The Lira Gurdy

//The Lira Gurdy

The Lira Gurdy

I am connecting history lately with my Intermedial studies. Yet this time I do not want to say too much so as to really let the images tell the story– using all images from the web. This post is all about the Russian or Slavic hurdy-gurdy.

 

Years ago I would just stare at these kinds of images day after day… There was some sort of obsessive, hypnotic feeling and I collected CDs. It didn’t even sound that good; it was more like scratchy sounding. I have two copies of a book on the Ukrainian hurdy-gurdy or Lira. I recently did a small, minimalist piece for wind and gurdy which I called: Duet for Hurdy Gurdy and Fort. This sort of strange ether would just come over me as I studied; it was in this way that I first wondered what a musicologist is. This may also be termed Ethnomusicology. Now here are these sepia, old, Slavic gurdys with their fantastic folklore. The hurdy-gurdy player was a mendicant, village musician.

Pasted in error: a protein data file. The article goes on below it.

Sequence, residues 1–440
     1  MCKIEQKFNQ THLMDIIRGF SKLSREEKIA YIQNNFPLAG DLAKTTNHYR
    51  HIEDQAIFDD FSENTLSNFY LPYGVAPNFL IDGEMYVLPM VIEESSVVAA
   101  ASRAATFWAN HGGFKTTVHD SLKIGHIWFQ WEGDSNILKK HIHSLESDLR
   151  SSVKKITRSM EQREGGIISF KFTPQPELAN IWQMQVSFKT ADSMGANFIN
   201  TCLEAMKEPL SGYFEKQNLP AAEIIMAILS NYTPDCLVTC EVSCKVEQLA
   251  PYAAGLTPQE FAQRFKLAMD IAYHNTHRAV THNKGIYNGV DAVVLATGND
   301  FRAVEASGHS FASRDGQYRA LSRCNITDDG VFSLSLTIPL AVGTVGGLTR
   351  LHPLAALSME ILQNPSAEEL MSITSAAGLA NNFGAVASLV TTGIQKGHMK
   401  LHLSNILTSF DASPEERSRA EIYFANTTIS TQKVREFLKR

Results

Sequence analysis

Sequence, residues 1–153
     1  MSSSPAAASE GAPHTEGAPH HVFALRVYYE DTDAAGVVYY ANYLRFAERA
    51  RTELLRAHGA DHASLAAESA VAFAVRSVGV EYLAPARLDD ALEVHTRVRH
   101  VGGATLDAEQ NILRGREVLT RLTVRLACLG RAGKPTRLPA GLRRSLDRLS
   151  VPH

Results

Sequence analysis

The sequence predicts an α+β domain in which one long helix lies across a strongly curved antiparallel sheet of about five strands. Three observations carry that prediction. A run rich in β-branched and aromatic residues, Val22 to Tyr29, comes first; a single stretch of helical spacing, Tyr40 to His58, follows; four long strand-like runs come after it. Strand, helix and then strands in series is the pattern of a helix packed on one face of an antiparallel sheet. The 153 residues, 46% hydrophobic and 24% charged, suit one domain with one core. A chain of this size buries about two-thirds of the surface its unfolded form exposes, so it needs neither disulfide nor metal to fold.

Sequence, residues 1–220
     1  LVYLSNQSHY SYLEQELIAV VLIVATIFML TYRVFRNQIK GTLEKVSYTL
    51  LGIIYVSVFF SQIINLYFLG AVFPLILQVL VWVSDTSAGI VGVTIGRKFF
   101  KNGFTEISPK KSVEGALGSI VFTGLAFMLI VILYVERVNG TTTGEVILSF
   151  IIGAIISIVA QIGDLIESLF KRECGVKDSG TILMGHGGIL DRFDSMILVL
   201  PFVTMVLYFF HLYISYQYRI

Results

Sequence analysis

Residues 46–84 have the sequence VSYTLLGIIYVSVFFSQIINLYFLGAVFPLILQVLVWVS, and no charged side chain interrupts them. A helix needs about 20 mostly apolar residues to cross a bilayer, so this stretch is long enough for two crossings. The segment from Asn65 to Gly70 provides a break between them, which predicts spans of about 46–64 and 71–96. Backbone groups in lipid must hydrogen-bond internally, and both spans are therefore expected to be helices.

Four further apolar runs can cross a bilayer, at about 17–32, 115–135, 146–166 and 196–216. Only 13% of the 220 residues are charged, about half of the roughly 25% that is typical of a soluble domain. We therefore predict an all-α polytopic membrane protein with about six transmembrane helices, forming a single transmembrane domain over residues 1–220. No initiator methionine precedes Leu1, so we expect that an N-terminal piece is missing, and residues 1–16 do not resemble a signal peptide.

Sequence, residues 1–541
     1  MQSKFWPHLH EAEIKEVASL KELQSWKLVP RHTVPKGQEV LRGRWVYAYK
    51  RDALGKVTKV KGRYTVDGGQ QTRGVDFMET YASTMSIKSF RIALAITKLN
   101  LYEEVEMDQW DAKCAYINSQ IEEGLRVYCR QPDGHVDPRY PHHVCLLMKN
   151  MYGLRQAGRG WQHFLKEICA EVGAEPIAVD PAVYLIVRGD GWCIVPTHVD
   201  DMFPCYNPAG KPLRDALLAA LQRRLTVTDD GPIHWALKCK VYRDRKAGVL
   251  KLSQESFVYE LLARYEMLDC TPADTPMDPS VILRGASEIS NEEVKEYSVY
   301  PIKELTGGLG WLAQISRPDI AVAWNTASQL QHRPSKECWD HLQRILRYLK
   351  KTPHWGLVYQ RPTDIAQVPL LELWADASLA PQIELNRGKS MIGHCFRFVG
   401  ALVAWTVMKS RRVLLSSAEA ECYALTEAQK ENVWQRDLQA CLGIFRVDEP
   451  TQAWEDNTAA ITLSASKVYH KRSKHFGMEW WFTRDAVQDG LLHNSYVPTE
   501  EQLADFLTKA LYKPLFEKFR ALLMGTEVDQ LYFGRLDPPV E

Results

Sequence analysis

By | 2017-12-01T22:39:33+00:00 March 17th, 2017|IMRC News|0 Comments

About the Author:

After Jim Winters arrived as a jazz trombonist for years, he now has now finished his second year as a graduate student here at IMRC. He owns two hurdy gurdys, thus exploring drone-musical work and the aesthetic value of unfinished music. His concentration ranges from experimental-musical composition to photos, sometimes wondering about the colonization of 12-tone Western music vs. noise.

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